Mark 1: 29-39
Today is a fun day in church, a far from humdrum, ordinary day, a unique day. We’ve celebrated and participated in the Feast of Our Lord of Football by bringing together food for those less fortunate and celebrated service by having Scout Sunday, as well. And rather than choosing patron saints, some of us have chosen to wear our chosen favorite football teams’ gear. It’s a fun day!
It helps to remember that our model and teacher in the faith, our Savior and Lord, was not always solemn, either. Remember that in John, his first miracle was at a wedding when the wine ran out!
Faith and service need always been a solemn occasion, and indeed, we have made today a celebration of service, not just of food and football and television. Oh, make no mistake, I will be in front of my TV later, just like most of us, and I will have cooked a special meal beforehand. I am celebrating the Feast of our Lord of Football just fine, thank you!
Today’s scripture is a great scripture that supports the theme of what we’ve made of this feast, which is a celebration of service. Simon (Peter)’s mother in law is sick with a fever, and Jesus heals her of the fever. How does she respond? She gets up and replies in service. It’s too bad we don’t know her name (it’s too bad there are so many times in the Bible that women are not named), because it would be great to speak of her as a fully human being, this woman who in a sense was saved by God, and responds the way we all should, by serving.
In that culture, in that time, women had very few roles. Rich women had a little more leeway than most, but all women were confined into a strict set of roles. To serve the men, to have children, to raise the children. While it may seem a little jarring to some in our society that her response to Jesus’ healing her was to immediately tart cooking, she was doing what she knew.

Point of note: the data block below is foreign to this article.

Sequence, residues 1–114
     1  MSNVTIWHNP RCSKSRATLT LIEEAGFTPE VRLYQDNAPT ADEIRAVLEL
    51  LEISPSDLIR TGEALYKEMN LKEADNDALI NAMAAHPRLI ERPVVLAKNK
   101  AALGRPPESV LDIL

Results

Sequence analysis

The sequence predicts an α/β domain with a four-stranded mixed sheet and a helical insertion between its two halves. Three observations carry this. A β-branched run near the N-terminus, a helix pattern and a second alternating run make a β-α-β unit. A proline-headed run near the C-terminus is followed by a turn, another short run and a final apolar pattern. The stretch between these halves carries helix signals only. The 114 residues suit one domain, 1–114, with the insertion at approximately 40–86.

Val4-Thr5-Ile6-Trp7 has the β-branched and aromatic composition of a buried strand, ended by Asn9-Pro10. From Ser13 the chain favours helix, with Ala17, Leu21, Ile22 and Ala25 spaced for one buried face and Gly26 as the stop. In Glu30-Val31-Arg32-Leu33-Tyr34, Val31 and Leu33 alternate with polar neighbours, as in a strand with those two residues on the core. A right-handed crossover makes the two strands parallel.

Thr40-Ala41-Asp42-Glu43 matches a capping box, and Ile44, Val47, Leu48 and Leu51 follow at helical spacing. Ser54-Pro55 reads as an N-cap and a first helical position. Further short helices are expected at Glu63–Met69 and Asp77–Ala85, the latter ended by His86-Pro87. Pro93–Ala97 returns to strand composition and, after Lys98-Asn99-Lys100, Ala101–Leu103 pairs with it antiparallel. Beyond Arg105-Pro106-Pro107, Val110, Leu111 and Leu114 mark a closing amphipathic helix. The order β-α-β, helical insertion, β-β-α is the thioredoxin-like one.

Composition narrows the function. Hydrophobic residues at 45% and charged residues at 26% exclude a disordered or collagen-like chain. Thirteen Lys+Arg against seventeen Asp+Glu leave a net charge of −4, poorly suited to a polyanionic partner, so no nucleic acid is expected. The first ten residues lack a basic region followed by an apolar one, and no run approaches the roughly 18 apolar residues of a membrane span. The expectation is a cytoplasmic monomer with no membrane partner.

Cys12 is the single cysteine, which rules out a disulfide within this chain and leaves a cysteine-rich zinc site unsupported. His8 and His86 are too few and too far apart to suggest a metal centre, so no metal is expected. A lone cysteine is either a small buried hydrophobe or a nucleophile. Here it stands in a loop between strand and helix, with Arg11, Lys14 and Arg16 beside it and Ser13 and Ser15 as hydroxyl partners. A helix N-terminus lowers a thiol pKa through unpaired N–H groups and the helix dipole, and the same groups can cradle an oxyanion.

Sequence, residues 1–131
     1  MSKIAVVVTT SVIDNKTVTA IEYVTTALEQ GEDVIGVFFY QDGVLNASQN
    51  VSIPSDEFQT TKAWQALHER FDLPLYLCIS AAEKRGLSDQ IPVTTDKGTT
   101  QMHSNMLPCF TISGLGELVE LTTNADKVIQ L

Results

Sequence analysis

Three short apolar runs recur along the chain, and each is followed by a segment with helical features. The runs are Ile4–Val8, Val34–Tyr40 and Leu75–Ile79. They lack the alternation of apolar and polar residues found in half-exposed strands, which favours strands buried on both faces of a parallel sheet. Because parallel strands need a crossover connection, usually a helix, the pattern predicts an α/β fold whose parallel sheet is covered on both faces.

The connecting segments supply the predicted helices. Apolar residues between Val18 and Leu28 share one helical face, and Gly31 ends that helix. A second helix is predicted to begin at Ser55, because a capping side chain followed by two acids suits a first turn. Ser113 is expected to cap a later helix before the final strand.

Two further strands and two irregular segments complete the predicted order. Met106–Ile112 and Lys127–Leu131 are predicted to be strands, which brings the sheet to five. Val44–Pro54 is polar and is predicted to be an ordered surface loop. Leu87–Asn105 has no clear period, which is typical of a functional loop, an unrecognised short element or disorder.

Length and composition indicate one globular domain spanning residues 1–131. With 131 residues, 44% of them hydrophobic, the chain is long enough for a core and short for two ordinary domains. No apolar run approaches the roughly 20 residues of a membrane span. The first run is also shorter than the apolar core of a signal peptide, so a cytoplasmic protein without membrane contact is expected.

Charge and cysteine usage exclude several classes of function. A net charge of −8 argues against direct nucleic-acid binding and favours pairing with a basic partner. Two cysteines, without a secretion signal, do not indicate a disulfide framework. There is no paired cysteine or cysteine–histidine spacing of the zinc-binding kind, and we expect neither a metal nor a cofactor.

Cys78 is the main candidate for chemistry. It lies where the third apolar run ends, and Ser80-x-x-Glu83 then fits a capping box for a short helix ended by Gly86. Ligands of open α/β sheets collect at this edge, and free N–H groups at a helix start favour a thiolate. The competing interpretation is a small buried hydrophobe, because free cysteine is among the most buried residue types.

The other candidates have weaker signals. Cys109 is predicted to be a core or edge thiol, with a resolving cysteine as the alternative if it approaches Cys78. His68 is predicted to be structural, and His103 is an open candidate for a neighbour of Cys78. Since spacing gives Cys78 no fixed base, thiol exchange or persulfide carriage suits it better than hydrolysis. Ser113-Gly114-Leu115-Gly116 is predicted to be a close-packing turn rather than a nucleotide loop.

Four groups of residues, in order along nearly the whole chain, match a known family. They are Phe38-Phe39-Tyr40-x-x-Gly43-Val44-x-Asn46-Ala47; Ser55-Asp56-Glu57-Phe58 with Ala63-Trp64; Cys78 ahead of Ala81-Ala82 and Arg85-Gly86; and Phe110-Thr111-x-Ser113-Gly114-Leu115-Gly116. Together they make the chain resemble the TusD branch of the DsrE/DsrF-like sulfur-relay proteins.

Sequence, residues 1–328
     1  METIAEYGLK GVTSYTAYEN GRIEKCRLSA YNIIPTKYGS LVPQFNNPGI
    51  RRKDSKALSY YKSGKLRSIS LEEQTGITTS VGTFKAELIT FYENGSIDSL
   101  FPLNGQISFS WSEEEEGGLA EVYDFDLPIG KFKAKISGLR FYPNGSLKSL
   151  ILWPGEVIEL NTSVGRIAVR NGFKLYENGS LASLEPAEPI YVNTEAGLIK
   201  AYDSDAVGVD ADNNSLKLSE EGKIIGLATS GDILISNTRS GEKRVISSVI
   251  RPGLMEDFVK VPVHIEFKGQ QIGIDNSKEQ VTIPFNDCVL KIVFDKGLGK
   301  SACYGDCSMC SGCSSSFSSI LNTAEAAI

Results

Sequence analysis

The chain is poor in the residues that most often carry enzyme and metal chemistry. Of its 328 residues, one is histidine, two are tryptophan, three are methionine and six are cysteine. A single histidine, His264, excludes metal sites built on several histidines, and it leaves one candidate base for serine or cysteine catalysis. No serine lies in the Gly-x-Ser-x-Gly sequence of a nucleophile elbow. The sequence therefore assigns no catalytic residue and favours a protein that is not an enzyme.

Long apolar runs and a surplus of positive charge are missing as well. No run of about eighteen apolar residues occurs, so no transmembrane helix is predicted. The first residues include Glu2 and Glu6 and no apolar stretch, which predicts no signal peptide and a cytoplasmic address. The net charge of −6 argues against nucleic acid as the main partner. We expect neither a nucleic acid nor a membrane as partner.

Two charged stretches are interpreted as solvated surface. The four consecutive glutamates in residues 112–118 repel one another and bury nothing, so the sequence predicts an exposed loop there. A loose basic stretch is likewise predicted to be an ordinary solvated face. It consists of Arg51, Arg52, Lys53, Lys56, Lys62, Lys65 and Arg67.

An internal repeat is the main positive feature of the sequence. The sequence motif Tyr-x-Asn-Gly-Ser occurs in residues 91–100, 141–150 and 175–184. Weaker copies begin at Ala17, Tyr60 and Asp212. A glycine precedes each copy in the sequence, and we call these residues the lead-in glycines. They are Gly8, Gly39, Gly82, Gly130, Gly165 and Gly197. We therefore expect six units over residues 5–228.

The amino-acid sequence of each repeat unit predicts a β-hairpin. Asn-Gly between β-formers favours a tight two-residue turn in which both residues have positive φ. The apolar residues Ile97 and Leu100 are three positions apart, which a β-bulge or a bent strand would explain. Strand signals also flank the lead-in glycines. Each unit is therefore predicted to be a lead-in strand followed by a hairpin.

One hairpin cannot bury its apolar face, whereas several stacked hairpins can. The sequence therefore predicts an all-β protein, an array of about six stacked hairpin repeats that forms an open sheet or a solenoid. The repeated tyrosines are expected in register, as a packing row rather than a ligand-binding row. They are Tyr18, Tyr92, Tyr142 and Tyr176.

For us today, then, the lesson of Simon’s mother in law is not to go cook in response to Jesus taking her hand and healing her. Our actions in response to the saving spirit of God in our lives can be anything we do well, but placing it in the service to the children of God. Some of us can indeed cook, and take our food to soup kitchens in Wilkes Barre, Tunkhannock, or take food to those who are ill or have suffered loss. Some of us can fix things, and some of us can do taxes; some of us can talk, and some of us can build. Some of us can sing, and some of us can play. Some of us can organize VBS, and are good with children, and some of us are faithful shovelers of the church’s sidewalks.
We do what we know. Simon’s mother in law cooked, and our youth group leaders organized and made soup for the local soup kitchen yesterday as a youth group project. One person keeps the church’s books; another plays music for worship; you do what you know, and it is all service, and it is all for the glory of God. Scout leaders do what they know, sometimes stepping in reluctantly, but out of necessity, and they do it, though they may not think of it this way, for the glory of God. It need not always be in service to the church, either, but if it is in service to our fellow children of God, (and they are everywhere, they are everyone); if it is in service to the Children of God, then it is to the glory of God.
Think of the soldiers listed in our bulletin; they do it our of a sense of service; they are doing it to the glory of God, Christian, Jew, or Muslim or whether they believe in God or not!
Think of Hospice workers; it may be a job, they may be getting paid, but that’s not a job you choose out of a sense of selfishness; though they may not think of it this way, it is to the glory of God.
Traveling nurses, rest home nurses, hospital nurses; all to the glory of God.
Everything we do, from plumbing to photography, farming to fiddling, can be placed at God’s feet as gratitude for what Jesus has done for us. It can all be done to God’s glory.
All Simon’s mother in law did was do what she knew, to the glory of God. All Jesus did in this whole passage was heal. Even when he tried to rest, he was called out from it, and went back to healing. And all to the glory of God.
Anything we do, and do well, anything that assists others, is done to the glory of God, in gratitude for what we have been given.
May we always think in terms of giving back, and may we always seek to offer our best to God.